If anyone has access to the complete page, or can be bothered to sit down in a copyright library and search through back issues of newspapers from 1993 or thereabouts (perhaps they have scans on DVD-ROM by now?), well, that would make my day.


(Don't) Panic

Wow! Thanks for the magic of the internet you can now send your details to MI5, and they will personally email you whenever the UK terror level is changed. So, always know when to panic (or not), thanks to those spiffing chaps in Military Intelligence and your favourite email client.


Inane Sound Bites

From the news this morning: "98% of new businesses in the US are small businesses."


Kannans to the left of me, Kannans to the right of me: some passing thoughts on travel

These incoherent notes were compiled in the afternoon of the completion of a 36 hour return journey from a week long trip to India, and as you might imagine consequently are somewhat coloured by the freshest events. It could probably be edited into something of a coherent essay with points and arguments, but I think I prefer to leave it as it stands.

Anyway, travel. Or possibly, being away. Travel is something that I'm now quite acclimatised to. The physical transportation of the corporeal being, from plane to plane, and from bus to train to taxi, is all quite rote and near the same the world over. I can tolerate journeys of somewhat extended duration, although the process does tend to leave me fatigued, subdued, and more full of emnity to the world than usual.

Being away, though, has its own issues. We spend so much of our time making our places of dwelling comfortable and convenient, attuned to our own tastes, and efficient machines for living in. When travelling, we temporarily divorce them, a trial separation that makes no one any happier. Unfamiliar beds, unpredictable bathing facilities and other uneven features. Tied in with this is the knotty problem of laundry: to pack enough to last and endure the added bulk, or to plan on finding a place and time to launder.

I always seem to get ill while being away (perhaps brought on by travelling). This usually manifests as tiredness and generalized pains, and sometimes an irascible stomach which complains with little provocation. Thus my appreciation of the delights of being away are often tempered with a dull throbbing background level pain, or a more pressing concern with which I shall not trouble you. My latest trip was a reasonable example: on my first day, I felt bloated and groggy. Then later, after delivering my talk, I was struck by a quite bizarrely fast cold: immediately on completing my presentation, my nose began running. That night, it turned into a sore throat and sniffles; over the next day the symptoms went through aches and pains, and by the night, the whole thing seemed to have worked itself through. None of these concerns are particularly disabling, and indeed occasionally visit me when I am at home. However, at home I feel better prepared to cope, and am nearer my methods of escape and comfort should they be needed.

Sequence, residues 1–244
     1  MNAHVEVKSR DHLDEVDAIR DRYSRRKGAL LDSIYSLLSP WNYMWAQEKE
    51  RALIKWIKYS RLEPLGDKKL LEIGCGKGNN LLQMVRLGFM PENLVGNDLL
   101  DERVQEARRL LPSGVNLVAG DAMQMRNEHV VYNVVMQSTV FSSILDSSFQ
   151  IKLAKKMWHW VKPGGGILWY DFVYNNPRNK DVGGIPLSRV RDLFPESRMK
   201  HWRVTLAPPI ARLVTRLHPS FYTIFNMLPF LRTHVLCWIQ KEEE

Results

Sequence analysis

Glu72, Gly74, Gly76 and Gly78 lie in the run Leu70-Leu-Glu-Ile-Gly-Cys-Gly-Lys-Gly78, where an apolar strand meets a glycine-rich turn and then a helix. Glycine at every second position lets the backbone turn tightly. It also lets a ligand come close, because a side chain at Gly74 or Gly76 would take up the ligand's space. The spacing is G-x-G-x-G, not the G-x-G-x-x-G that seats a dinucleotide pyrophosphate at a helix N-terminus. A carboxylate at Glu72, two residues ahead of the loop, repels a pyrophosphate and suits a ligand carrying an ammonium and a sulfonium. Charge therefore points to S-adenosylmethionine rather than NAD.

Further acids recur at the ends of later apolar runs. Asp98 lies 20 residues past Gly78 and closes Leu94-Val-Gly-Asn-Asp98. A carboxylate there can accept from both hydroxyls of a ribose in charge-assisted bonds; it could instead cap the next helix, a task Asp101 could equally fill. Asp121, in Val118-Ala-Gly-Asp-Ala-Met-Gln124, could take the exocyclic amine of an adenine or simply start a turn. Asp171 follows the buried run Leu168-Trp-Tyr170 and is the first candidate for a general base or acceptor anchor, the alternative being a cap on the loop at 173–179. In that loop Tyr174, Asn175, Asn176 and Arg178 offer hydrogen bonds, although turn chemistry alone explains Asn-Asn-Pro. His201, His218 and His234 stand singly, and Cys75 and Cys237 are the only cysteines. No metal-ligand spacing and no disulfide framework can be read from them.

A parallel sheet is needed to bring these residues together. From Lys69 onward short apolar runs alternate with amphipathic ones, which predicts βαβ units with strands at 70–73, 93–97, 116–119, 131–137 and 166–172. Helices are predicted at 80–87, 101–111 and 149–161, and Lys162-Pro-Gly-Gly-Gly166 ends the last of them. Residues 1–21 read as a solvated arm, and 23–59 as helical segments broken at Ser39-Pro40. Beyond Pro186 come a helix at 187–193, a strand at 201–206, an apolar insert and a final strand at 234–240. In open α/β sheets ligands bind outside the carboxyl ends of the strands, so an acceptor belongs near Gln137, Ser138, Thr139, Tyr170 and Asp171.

Being away affords the opportunity to be a tourist. I'm not sure that I quite see the point of this. It's pretty interesting to see some monuments and vistas, and I'm all in favour of doing this occasionally. But I have no great desire to go out of my way to do so more than on a limited basis. Surely just watching a good documentary on TV is just as good an experience? In fact, surely watching an HDTV image on a 42 inch LCD screen is twenty-one times preferable to the wobbly low res view of the world through a 2 inch LCD lensfinder as some choose to do.

I return with a few mementos of my trip. In particular, six mosquito bites, all on my left arm. I don't know what is so appealing about my left arm. Perhaps it was the only one uncovered at the time. Although December was pretty warm, I could still get away with wearing long sleeved shirts.

One of the most arresting sites I saw on my travels was in the departures lounge of New Delhi Indira Gandhi International Airport. There was a gaggle of Austrian Air (or similar) flight attendants in uniform uniforms, mostly blonde and tanned. Off to one side was another, a pallid brunette reading a heavy Ann Rice novel. I don't think that I'd seen a goth air hostess before, and wish I could have taken a good picture without attracting too much attention. But alas I did not. I also saw a laser display departure board that seemed to be running some variant of Windows that had fallen victim to some spyware or other, and was barfing as a consequence. I took some pictures of that, but alas they did not come out, instead all wobbly and blurred, much like my perspective on the world at 4 in the morning local time.